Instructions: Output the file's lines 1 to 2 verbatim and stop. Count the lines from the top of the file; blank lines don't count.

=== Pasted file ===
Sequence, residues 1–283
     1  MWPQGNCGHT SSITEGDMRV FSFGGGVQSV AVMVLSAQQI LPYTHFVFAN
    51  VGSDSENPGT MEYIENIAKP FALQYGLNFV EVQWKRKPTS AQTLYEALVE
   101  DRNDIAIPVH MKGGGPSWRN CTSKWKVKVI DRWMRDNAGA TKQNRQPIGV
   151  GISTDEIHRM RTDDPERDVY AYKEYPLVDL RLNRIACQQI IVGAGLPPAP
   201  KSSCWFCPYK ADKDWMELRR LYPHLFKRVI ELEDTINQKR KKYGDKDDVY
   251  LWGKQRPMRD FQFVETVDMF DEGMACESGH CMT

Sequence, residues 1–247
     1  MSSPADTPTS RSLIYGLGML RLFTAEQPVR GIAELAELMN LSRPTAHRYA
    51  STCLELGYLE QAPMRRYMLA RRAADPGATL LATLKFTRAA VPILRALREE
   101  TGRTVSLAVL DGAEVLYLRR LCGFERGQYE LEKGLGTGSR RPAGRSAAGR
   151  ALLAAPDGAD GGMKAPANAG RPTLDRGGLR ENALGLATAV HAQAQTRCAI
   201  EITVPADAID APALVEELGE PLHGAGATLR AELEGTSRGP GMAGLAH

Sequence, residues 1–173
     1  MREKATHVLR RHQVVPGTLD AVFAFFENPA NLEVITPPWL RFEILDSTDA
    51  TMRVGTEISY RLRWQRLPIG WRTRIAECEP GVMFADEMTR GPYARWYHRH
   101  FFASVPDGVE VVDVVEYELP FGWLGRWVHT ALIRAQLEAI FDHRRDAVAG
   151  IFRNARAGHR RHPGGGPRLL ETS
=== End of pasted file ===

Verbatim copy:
Sequence, residues 1–283
     1  MWPQGNCGHT SSITEGDMRV FSFGGGVQSV AVMVLSAQQI LPYTHFVFAN